Thank you Saltaire38. Not only do I get to see a picture of my Greatgrandmother, my grandmother and me in my mother's belly, but I get to scroll up and see my father in drag.

JOH: Hey Mike: we ran these pictures before. So what is the big surprise? Do you mean to say your father hid this secret from you all these years?
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OTHER COMMENTS ON THE BIG GAME:


We don't know about Marie's coaching prowess, but there is no doubt she was a Saltaire original:

"Marie Bitzer was without a doubt one of the most flamboyant and memorable characters ever to grace the boardwalks of Saltaire. Her sense of high fashion and dress could have gained her admission to the most high brow costume parties.

I remember specifically one Saturday night in the early fall of 1968. I decided to take a date to the old Oak Beach Inn, which in those days was a great local night club. The only problem was a means of transit from Saltaire to Oak Beach. My father agreed to take us over to the OBI in his boat. Invited along for the trip was both my mother and Marie Bitzer.

Marie got a few drinks poured into her and the entertainment for the evening began. She regaled us with her stories of trips to foreign lands. Among her circle of friends was King Farouk of Egypt and I believe the Shah of Iran. She was house(or more likely palace) guests of both.

Marie's best story was the experience she and her extremely near-sighted husband John had during the Hurricane of '38. As the wind and waves rose Marie(who owned the current Ickes/McElhone residence on Pacific) felt that it would be prudent if both she and John made tracks for higher ground in the Village Hall. Marie related how, as she looked back the tidal surge had ripped up boardwalks behind her. She implored John, who could barely see the nose in front of his face to "hurry the waves are destroying the boardwalk behind us" John, looking back, and barely seeing anything, responded, "Oh Marie, you've always had such a vivid imagination." Thankfully, for Saltaire Marie and John survived the storm with no injuries.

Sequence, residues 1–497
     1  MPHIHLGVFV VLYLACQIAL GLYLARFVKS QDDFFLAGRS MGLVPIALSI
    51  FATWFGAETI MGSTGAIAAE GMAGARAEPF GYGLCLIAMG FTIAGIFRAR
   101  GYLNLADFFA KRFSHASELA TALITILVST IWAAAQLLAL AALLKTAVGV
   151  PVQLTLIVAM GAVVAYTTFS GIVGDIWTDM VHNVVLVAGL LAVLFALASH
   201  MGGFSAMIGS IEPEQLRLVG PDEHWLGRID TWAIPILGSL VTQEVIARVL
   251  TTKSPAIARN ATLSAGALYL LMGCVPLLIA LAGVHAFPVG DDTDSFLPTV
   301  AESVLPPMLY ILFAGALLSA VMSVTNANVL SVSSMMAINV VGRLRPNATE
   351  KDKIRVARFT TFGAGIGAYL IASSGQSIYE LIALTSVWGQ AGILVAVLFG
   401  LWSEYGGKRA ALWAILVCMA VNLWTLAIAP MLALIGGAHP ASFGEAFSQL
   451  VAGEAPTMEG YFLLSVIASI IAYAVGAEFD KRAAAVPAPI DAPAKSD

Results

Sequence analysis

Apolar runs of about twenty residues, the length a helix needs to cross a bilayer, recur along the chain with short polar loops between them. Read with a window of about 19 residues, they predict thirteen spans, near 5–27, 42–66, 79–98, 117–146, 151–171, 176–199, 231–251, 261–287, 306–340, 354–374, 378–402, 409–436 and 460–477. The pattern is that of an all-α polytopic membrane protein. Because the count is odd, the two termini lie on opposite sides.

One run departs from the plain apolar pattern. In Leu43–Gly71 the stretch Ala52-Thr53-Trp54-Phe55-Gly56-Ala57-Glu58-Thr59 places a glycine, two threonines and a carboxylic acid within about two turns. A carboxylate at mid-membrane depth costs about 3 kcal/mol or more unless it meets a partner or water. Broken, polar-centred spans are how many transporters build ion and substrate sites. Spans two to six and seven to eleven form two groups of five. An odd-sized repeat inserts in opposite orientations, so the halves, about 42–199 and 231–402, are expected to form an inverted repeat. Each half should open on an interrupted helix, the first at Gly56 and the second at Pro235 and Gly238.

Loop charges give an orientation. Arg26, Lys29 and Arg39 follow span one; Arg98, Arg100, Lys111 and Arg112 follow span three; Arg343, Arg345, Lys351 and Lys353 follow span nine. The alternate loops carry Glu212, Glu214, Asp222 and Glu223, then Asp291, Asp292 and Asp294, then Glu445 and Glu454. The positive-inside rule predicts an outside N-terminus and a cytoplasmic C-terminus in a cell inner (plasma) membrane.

Marie also, in her day, was the preeminent realtor in Saltaire. No one, at that time could out-hustle her for either a sale or rental. Captain Al, out of either respect(or disgust) always would tell us that "if there was a vacant telephone booth in the Village that Marie would rent it to someone for the summer."
--Beaver




Jean Campbell said...


That softball game must have taken place in 1969 because my Mom is using my crutches with her "costume" and I broke my leg in 1968 and would have needed them that summer.

On the "East" team, I recognize Dottie Campbell (my Mom), Grace Gallagher, Mary Fontanals, Lee MacAdam, Dorothy LeMay, Marie Bitzer and I think that's Pat Corrigan on the end.

In the shot of the Florence Gibson with the question of her being the best coach ever, I believe that's my Dad - Ken Campbell - sitting in the bleachers.

Great photos - thanks for posting them. I remember them also being published in the Salty Spray that summer. Hope you've been able to contact the former editors - Elizabeth Elkind, Jane Markus and I think the 3rd one was India Ely.


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Was this Saltaire's Greatest Team Ever?


Click Photos to enlarge


Saltaire East
copyright J. Woolford, Chicago, Il


Or was this?
click photo to enlarge
Copyright J. Woolford, Chicago, Il
Saltaire West

We have a half a dozen more pictures to come, one each day, subject to people properly identifying the personalities in these team portraits.

So if you want to see more of these exclusives (there are no "negatives" out there; these originals were Polaroids) you have to tune into http://www.saltaire38.blogspot.com/


"We report. You decide"

1 comment:

Michael McAllister said...

Thank you Saltaire38
Not only do I get to see a picture of my Greatgrandmother, my grandmother and me in my mother's belly, but i get to scroll up and see my father in drag.